Herzog & de Meuron Unveil Designs for a Flagship Building in the Royal College of Art's New London Campus
London's Royal College of Art (RCA) have submitted proposals by Herzog & de Meuron to Wandsworth Council for a new £108 million ($141 million) building in Battersea. The "flagship" project will form part of the RCA's ongoing transformation into a 'STEAM' (Science, Technology, Engineering, Art and Mathematics) postgraduate university, facilitating the provision of ten new programmes focusing on computer and materials science, the impact of the digital economy, advanced manufacturing, and intelligent mobility.
Update 10/24/17: We've added an updated rendering to the post!
Herzog & de Meuron, with landscape architects Piet Oudolf and LOLA landscape architects, have revealed plans for a new residential development in the Stockholm neighborhood of Hjorthagen that will repurpose a series of historic gasholders. The project will represent HdM’s first built project in Sweden.
Herzog & de Meuron, in collaboration with Michel Desvigne Paysagiste, Inessa Hansch and executive architect Gensler, have revealed designs for a new “Scholars’ Campus” for global think tank the Berggruen Institute to be located in the Santa Monica Mountains overlooking the city of Los Angeles.
Inspired by the designs of traditional monasteries and hilltop villages, the scheme is rooted in the restoration and appreciation of the landscape. Along with the series of structures containing the Institue’s residence, meeting and study spaces, over 90% of the 447-acre site will be preserved as natural open space.
Herzog & de Meuron’s Chelsea Football Club stadium has been given approval by Hammersmith and Fulham council’s planning committee, reports BBC. The new £500 million stadium, which is estimated to be completed by 2020, will replace the existing stadium at Stamford Bridge, increasing the capacity of the space by almost 20,000 spectators to 60,000 seats.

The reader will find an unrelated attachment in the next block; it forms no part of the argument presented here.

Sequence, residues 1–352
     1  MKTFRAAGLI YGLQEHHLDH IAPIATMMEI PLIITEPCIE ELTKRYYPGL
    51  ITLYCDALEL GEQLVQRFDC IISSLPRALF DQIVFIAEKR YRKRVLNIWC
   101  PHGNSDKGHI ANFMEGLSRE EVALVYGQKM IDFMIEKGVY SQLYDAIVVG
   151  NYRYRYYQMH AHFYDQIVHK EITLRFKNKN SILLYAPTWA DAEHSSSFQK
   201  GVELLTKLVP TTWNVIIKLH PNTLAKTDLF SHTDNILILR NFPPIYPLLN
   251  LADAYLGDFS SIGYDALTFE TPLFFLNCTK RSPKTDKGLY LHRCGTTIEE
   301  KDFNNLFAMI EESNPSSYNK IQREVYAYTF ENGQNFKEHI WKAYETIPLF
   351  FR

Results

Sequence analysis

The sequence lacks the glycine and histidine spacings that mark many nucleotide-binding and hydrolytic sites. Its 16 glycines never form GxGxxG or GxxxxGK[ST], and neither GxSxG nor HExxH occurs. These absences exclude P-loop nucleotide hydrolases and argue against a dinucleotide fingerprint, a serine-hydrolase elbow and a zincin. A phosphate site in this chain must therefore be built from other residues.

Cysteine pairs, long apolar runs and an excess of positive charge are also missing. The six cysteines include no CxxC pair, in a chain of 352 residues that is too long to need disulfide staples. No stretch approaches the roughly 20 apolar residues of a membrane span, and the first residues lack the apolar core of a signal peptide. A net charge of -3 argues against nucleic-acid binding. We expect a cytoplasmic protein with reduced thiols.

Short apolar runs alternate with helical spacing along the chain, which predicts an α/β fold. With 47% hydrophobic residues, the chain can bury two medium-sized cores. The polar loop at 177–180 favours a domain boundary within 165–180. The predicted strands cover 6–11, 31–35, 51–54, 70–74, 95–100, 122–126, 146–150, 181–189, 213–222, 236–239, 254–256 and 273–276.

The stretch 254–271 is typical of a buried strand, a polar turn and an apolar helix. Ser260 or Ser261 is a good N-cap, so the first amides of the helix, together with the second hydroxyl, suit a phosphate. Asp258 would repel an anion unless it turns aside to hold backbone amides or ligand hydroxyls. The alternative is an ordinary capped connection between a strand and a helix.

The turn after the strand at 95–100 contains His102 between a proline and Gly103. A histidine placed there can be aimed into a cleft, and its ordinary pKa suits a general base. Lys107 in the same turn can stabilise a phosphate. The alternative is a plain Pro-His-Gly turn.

The design of the new stadium is inspired by Gothic architecture, as well as nearby Victorian-era brick terraces, which will wrap around the entirety of the building.
Committee decision to approve the stadium plans does not mean that work can begin on site; various other permissions will be necessary before the final decision will be made by London Mayor Sadiq Khan.
UPDATE: This article has been updated with the latest project information and new renderings.
Herzog & de Meuron has released new images of their latest project in New York, a 12-story condominium building at 160 Leroy Street with a curved concrete and glass facade. The project is their third major New York building in recent years, following another condo building at 56 Leonard Street and a hotel at 215 Chrystie Street, and once again features a concrete structure which is clearly expressed on the facade.
Featuring 49 luxury apartments, 160 Leroy Street is the latest in a series of developments which will upgrade Manhattan's West side, after former mayor Michael Bloomberg designated the area as the city's new 'Gold Coast'. The $250 million project is slated for completion in Fall 2016.
"It will be apparent when Ian Schrager's 160 Leroy building rises out of the ground that it was inspired by the philosophy of the great Brazilian architect Oscar Niemeyer—which Pritzker Prize winning architects Herzog & de Meuron used as a starting point in conceiving this original, new iconic structure," says the developer.
In the past two weeks, it seems all the big stories have been emerging from London: this week, the crowning tower of the City of London’s skyscraper cluster, a restrained design by Eric Parry Architects, was unveiled; last week, it was the Chelsea Stadium plans by Herzog & de Meuron that grabbed attention; and almost as if to demand attention for a brief that wouldn’t otherwise make headlines, at the start of the month Will Alsop’s aLL Design unveiled a characteristically outlandish residential tower in Vauxhall.
The resulting conversations from our readers touched on everything from the coherence of London’s future skyline to Will Alsop’s design lineage. Read on to find out what they had to say in the latest installment of our "ArchDaily Readers Debate" series.
Following the announcement earlier this year that Herzog & de Meuron were developing designs for a new £500million stadium for Chelsea Football Club, the Swiss practice have released a series of official images which narrate the project's design intentions and contextual implications. The new stadium, which will be built in place of the football club's existing stadium at Stamford Bridge, will contain a "three-tier, four-stand, bowl with a capacity of 60,000 supporters" (compared to the current 41,837 capacity) and have around 60,000sqm of facilities housed within its ribbed shell.